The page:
The Québec maritime Blog
September in the maritime regions of Québec is like a second spring. Visiting cyclists can enjoy nearly optimal conditions as they explore the regions of Bas-Saint-Laurent, Gaspésie, Côte-Nord and the Îles de la Madeleine on two wheels. Reduced traffic, mild weather and the start of fall colours make late summer and early fall in Eastern Québec a great time of year for cycling. Here’s an overview of what awaits cycling enthusiasts in our regions.
You can explore the coast of Bas-Saint-Laurent from La Pocatière to Sainte-Luce by cycling on various segments of the Route Verte bike route. As you’ll see, the mudflats and salt marshes in the Kamouraska area take on a golden hue in the first weeks of the fall season. In the Basques area, the bike path that leads to the Beaulieu lookout in Saint-Simon will take you through the undergrowth, a more humid—and therefore more fragrant—environment. Along the St. Lawrence in Rimouski, keep an eye out for whitecaps: they’ll clearly indicate how strong the wind is!
On gusty days, you’ll want to head inland where you’ll be protected from the wind. One trail that’s worth exploring is the Petit Témis, a 134-km (83-mi.) gravel path along an old railway bed that will take you through the Témiscouata Valley. Enjoy the colours of the surrounding forest as well as the views of beautiful lakes. Another option is the 40-km (25-mi.) ride from Trois-Pistoles to Lake Saint-Mathieu under brightly coloured leaves. Throughout the region, you’ll find great spots to stop for takeout dishes, baked goods and of course coffee. Perfect for a #coffeeride!
The Gaspé Peninsula offers lots of cycling options off Route 132. Your calf muscles will get a good workout in Matapédia-et-les-Plateaux, a mountainous area in the southwestern part of the region that’s home to many rivers. Be sure to stop in Matapédia to soak up the view from the Deux-Rivières lookout, which is located at the confluence of the Matapédia and Restigouche rivers. From there, I recommend you cycle to the panoramic Coeur des Plateaux lookout (in Saint-André-de-Restigouche), where you can admire bucolic agricultural landscapes and see up to 100 km (60 mi.) away on a clear day (round trip: 25 km / 15 mi.).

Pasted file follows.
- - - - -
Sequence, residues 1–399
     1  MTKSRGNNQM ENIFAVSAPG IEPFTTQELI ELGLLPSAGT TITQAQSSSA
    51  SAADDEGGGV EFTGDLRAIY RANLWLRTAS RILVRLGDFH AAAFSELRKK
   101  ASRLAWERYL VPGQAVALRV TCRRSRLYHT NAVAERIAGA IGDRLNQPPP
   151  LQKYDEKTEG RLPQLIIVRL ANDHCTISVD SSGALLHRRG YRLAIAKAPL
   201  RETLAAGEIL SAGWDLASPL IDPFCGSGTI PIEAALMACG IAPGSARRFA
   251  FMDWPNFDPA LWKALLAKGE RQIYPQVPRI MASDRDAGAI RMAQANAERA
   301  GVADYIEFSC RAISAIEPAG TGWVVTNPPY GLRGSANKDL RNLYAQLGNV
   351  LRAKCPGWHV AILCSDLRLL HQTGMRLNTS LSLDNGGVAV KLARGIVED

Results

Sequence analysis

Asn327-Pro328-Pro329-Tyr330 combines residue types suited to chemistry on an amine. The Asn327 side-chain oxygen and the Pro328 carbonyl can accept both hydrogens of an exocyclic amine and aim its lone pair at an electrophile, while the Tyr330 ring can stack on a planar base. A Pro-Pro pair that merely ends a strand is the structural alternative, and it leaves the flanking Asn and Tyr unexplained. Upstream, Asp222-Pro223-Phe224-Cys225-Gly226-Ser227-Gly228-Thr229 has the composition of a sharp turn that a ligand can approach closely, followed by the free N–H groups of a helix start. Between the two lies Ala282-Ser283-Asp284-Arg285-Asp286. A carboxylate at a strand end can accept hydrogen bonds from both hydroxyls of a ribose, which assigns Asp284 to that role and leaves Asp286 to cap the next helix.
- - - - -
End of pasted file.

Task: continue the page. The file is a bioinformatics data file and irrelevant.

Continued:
A more accessible ride is the loop around Miguasha Point, which is part of the Route Verte bike route and is well worth exploring. It will take you through Parc national de Miguasha, a UNESCO World Heritage Site that is home to a fossil-rich cliff. From Nouvelle, the ride is about 40 km (25 mi.) long and includes small valleys with little traffic. I recommend that you cycle this loop in a clockwise direction so you can admire the views of Chaleur Bay and neighbouring New Brunswick right from the start.
If you’re up for it, a grand tour of the Forillon Peninsula, which is about 70 km (45 mi.) long, is a sporting feat. The hilliness of the area will require lots of gear shifting! All your efforts will be worth it, however, for the extraordinary views of Gaspé Bay, especially once you’ve climbed Montée Laurencelle. To extend your ride, head into Forillon National Park to Cap Bon-Ami or even L’Anse-aux-Amérindiens. If you’d rather shorten your route, cut through the park on the trail from Penouille to L’Anse-aux-Griffons.
The road network in Haute-Gaspésie is a marvel of civil engineering. How on earth did they manage to perch a ribbon of asphalt along such a mountainous shoreline? Who knows? What I do know is that riding on it is a humbling experience, especially in the fall, when Mother Nature is fierce, as if to better showcase the wild beauty of this area. The segment of the road between L’Anse-Pleureuse and Rivière-au-Renard is a very challenging ride (to say the least). If you’re up for it, you must give it a go, especially since there’s hardly any traffic at this time of year.
If you plan to take the ferry to Côte-Nord (instead of driving from Québec City or the Saguenay–Lac-Saint-Jean region), you should know that the ferry services that link both shores of the St. Lawrence continue to operate after Labour Day. It’s therefore easy to hop over to the north shore and enjoy short bike rides off Route 138. The trick is to leave the main road behind and take the secondary roads whenever possible, as is the case in Les Bergeronnes and Portneuf-sur-Mer, two authentic coastal villages bordered by the deep and metallic blue of the sea.
Ride along the majestic Saguenay Fjord near Tadoussac and Sacré-Coeur and be sure to detour to the L’Anse-de-Roche wharf where you can watch one of the last “real” sunsets of the season. You can also tour around the Manicouagan Peninsula, a 55-km (35-mi.) trip through the boreal forest along a gravel bike lane that spans the Saint-Athanase River. The road, which has very little traffic, is dotted with panoramic rest areas where you can contemplate the immensity of the Côte-Nord sky. Push on to Sept-Îles, Havre-Saint-Pierre, and even beyond to contemplate landscapes more brilliant than ever under the fall light.
Cycling in the Îles de la Madeleine at this time of year is quite the sporting challenge, as evidenced by the beach grasses bent over by the wind. Forget about going for long epic rides that involve venturing out onto the archipelago’s narrow dunes! Instead, follow the lead of the locals who are relaxing now that the frenzy of the high season has ebbed away. For example, you can tour the islands of Cap aux Meules, Havre aux Maisons and Havre Aubert: each trip is about 20 km (12 mi.) long. The red sandstone cliffs and the invigorating air will make a strong impression on you, as will the slower pace of life in the scattered hamlets where you’ll stop along the way. On the Islands, time is not measured by clocks but by moments!
Suggesting cycling itineraries obviously means making choices, which of course means some must-see spots or hidden gems are left out. Can you think of any that I missed? Share them with us below!